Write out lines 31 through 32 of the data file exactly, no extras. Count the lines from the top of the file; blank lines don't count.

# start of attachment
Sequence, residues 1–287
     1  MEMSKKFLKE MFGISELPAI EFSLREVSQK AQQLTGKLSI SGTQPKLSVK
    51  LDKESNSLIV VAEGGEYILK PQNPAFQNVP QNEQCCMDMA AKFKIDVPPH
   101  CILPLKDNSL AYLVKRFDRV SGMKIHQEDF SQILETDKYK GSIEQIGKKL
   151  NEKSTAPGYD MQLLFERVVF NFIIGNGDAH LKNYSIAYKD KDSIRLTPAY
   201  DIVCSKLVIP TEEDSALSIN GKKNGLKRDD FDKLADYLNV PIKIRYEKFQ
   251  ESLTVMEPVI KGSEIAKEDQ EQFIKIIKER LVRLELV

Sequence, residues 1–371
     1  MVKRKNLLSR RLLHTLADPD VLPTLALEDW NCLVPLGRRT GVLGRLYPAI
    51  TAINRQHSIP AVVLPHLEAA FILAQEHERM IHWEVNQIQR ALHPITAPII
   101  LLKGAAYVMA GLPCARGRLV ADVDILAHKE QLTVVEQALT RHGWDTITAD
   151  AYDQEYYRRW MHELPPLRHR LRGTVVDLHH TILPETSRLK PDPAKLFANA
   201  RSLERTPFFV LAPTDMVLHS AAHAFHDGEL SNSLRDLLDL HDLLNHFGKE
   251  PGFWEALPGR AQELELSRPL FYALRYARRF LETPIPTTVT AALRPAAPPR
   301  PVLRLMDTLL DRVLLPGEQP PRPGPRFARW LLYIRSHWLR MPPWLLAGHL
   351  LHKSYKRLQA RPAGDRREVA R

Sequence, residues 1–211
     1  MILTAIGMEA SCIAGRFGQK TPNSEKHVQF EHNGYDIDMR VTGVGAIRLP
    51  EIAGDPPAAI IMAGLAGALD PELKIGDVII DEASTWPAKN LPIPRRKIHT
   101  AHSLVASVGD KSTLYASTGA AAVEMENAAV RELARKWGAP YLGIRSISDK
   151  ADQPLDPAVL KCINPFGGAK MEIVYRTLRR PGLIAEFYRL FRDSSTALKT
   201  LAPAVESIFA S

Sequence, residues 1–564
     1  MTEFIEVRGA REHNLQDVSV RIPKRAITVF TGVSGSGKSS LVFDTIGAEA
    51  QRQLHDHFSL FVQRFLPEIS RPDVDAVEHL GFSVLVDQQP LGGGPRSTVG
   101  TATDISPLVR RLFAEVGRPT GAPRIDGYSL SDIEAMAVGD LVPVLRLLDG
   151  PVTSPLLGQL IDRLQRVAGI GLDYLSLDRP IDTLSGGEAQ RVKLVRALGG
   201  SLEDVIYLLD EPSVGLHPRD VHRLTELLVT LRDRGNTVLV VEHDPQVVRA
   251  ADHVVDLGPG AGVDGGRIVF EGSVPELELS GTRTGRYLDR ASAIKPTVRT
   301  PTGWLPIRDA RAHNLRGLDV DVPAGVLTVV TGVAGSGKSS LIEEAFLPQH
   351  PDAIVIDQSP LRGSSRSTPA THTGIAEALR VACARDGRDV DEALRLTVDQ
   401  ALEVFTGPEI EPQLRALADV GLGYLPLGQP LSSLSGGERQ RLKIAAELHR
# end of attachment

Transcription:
   351  PDAIVIDQSP LRGSSRSTPA THTGIAEALR VACARDGRDV DEALRLTVDQ
   401  ALEVFTGPEI EPQLRALADV GLGYLPLGQP LSSLSGGERQ RLKIAAELHR